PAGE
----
• Medical Economics (www.modernmedicine.com)


The ‘Value Added Concept’

  • What value will you add to their practice (beyond your clinical skills)?

  • What can you contribute that will help their practice grow & thrive?

  • Examples:

    • EMR/ Website development experience

    • Ability to speak Spanish/ other languages

    • Being well known/ connected in a community (i.e. ability to generate referrals)


How to Communicate on Paper or via the Internet:

  • Your CV, letters & emails create a first impression.

  • Always convey a professional image:

    • No misspellings/ grammatical errors

    • High quality paper.

    • Signed in black ink.

    • No text abbreviations (‘2’ for too, ‘gr8’, etc.)

    • Avoid being too casual.


Your Internet Presentation

  • ‘Research’ yourself:

    • Google yourself

    • Review your Facebook & other profiles.

  • Make sure that you don’t have anything posted that projects less than a professional opinion.


What to Share?

  • You want to share information about yourself that reflects positively on you.

    • Why you would be a good addition to the group.

    • Your training/ experience

    • Your personality/character

    • ‘Added Value’ you bring to the group

  • Try to achieve a balance between:

    • your positive traits; and

    • praising others (your residency program/mentors, the group, etc.)


What NOT to share?

  • NEVER speak badly about

    • Your residency program

    • Your faculty

    • Previous jobs

    • Anyone…….

  • Don’t get into your personal issues/ struggles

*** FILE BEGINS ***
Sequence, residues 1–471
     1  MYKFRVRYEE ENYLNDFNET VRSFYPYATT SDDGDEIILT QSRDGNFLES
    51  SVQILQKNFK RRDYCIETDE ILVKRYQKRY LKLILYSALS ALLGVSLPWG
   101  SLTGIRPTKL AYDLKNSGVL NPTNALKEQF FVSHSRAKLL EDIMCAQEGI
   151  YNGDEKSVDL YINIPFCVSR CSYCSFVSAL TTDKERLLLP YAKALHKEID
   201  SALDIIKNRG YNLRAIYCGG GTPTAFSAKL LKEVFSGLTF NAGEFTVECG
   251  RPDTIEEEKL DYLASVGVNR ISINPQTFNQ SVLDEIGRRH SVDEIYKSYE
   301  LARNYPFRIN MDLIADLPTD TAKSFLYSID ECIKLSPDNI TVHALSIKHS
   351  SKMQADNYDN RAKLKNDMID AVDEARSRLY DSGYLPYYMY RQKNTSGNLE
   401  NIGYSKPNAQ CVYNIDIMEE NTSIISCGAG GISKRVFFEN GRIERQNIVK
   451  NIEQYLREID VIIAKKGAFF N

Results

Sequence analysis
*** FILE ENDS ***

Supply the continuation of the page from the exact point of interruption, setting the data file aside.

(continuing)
Polish: The final touches

  • Be appreciative of everyone’s time

  • THANK them

    • in person (at the time of the interview)

    • in writing (mail within 24 hrs)

  • Ask for business cards from each person you met with.

  • Write down pertinent details (what you learned), impressions and unresolved issues immediately when you get into your car


The Thank You Letter: If your interested in the position

  • First paragraph: express appreciation for the opportunity to meet with them

  • 2nd paragraph: Reiterate interest in the position and why you think it would be a good fit.

  • 3rd paragraph: Promise to call in a few days to see if the group has reached a decision and/or to see what the next steps will be.

  • Include your contact information in the letter.


What if you DON’T WANT the Job?

  • Write a thank you letter expressing appreciation for their time.

  • If you know the opportunity wasn’t right for you, let them know as soon as possible (You don’t need to go into details why.)

  • Try to make a decision within 2 weeks.


Phases of closing the deal:

  • Phase 1: Find out the group’s needs & expectations

  • Phase 2: Match these needs & expectations with

    your willingness & abilities to meet the

    needs

  • Phase 3: See what the group is able to offer

  • Phase 4: Negotiate the offer to the best of your

    ability

  • Phase 5: Evaluate the final offer to see if it fits your

    short & long term goals. Decide to accept,

    reject or re-negotiate.


Final Instructions:

  • If you don’t find a job by June 30th, don’t panic (because you may be even more marketable after that………)

  • If you get a job you HATE, you can always CHANGE (and most physicians DO)

  • Don’t forget to have FUN (because this is what you’ve been working for……)


Questions?????